The Great Debate: Employee or Contractor?
The Common Law Test to determine whether a worker is an employee
The table below from the American Payroll Association’s Fundamentals of Payroll classifies employees versus independent contractors under the Common Law Test.
- Required to comply with employer’s instructions about when, where, and how to work
- Works exclusively for the employer
- Hired by the employer
- Subject to dismissal; can quit without liability
- Has a continuing relationship with the employer
- Work done personally
- Performs services under the company’s name
- Paid a salary; reimbursed for expenses; participates in company’s fringe benefits programs
- Furnished tools, equipment, materials, and training
- If an outside salesperson: company provides leads, sets terms and conditions of the sale, assigns a territory, and controls the sales process
- Sets own hours; determines own sequence of work
- Can work for multiple employers; services available to the public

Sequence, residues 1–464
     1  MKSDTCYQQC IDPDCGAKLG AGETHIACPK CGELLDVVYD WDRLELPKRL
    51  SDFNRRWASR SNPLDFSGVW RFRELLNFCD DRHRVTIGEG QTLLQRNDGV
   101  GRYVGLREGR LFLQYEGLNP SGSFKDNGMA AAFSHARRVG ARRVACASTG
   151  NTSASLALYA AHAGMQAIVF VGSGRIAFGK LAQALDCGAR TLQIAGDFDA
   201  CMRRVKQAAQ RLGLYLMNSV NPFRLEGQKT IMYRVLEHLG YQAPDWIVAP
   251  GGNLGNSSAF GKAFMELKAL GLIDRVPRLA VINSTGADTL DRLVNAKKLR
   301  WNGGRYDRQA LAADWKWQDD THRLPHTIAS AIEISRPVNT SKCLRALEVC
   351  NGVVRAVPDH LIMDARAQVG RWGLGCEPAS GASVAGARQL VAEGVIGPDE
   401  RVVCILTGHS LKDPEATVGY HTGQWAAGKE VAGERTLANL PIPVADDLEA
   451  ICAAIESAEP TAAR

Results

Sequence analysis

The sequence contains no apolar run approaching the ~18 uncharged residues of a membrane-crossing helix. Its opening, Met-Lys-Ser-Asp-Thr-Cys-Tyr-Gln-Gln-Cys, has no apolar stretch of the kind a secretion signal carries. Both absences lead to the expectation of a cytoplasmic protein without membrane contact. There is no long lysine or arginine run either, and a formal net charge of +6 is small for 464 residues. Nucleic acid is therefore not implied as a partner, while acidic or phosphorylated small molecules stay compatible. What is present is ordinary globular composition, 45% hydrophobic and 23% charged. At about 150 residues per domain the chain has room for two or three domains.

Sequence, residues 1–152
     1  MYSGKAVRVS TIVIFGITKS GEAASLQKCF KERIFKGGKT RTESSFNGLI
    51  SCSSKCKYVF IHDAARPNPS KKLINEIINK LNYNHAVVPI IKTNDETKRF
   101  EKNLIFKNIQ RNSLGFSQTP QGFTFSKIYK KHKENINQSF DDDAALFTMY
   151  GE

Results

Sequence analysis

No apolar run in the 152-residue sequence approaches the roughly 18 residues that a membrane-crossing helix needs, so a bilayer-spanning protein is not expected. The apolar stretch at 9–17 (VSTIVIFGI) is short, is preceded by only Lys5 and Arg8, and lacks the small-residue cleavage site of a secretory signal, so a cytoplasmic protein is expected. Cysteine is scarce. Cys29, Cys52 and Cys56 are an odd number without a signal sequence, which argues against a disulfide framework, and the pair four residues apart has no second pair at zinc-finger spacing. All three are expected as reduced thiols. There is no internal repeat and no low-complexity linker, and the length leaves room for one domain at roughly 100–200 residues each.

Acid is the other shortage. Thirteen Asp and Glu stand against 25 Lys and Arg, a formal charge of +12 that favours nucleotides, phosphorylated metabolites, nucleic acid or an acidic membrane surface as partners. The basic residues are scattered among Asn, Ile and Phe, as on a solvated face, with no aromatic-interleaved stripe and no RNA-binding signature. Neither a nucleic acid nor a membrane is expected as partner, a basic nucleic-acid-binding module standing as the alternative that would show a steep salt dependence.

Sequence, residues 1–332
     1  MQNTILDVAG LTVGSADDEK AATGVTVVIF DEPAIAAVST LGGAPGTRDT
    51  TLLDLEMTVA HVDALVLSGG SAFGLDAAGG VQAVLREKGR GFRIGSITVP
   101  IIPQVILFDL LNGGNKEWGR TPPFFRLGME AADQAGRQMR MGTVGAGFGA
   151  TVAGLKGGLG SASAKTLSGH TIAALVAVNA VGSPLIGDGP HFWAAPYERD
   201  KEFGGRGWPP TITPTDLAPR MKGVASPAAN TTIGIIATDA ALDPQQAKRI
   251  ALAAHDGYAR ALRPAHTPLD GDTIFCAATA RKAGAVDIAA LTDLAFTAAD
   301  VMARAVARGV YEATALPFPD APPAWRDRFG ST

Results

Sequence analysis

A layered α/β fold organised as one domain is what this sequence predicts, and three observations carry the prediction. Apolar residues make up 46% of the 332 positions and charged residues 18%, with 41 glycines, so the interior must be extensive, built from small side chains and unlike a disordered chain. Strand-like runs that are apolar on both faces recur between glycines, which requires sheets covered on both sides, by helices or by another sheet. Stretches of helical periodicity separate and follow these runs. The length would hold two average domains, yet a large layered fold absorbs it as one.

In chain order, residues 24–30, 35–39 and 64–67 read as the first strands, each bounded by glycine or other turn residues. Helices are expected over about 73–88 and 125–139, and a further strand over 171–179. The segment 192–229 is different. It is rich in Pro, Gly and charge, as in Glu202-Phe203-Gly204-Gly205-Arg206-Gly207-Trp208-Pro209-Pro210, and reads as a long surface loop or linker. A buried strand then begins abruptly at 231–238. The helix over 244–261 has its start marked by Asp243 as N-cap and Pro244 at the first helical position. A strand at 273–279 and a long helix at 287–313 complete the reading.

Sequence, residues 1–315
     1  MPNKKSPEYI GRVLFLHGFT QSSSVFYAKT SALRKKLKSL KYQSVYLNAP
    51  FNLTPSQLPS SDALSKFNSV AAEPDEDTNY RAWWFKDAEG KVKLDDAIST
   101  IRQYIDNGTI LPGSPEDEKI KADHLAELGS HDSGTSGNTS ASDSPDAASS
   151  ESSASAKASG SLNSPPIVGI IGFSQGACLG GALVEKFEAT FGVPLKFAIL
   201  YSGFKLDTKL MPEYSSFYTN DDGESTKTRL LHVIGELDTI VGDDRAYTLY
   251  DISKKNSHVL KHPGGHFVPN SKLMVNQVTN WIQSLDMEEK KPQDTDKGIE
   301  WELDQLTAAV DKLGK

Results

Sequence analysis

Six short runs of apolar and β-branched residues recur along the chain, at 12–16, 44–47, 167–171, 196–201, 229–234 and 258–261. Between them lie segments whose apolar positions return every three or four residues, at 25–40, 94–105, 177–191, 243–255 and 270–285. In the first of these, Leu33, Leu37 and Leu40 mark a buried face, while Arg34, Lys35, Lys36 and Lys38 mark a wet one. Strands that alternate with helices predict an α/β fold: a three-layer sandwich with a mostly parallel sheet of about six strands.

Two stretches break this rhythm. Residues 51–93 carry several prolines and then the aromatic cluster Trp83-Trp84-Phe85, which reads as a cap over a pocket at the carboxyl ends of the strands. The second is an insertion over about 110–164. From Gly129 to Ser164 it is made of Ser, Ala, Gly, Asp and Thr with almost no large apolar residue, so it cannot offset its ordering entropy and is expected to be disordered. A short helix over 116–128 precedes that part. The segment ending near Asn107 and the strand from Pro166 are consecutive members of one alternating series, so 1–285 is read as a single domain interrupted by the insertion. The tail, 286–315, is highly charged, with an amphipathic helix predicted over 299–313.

- Is self-employed
- A contract governs how the relationship can be severed
- Works by the job
- Permitted to employ assistants
- Performs services under the worker’s business name
- Payment by the job; opportunity for profit and loss
- Furnishes own tools, equipment, and training; substantial investment by worker
- Controls the sales process and terms
Nonemployees use Form W-9 to provide a taxpayer identification number (social security number or employer identification number) to the company that the nonemployee has received a reportable payment.
Source: American Payroll Association
Disclaimer: This information is not intended to provide a definitive answer. Always seek guidance from your attorney or accountant when classifying employees. Employers or independent contractors can get a definitive IRS ruling on their worker’s status by completing Form SS-8.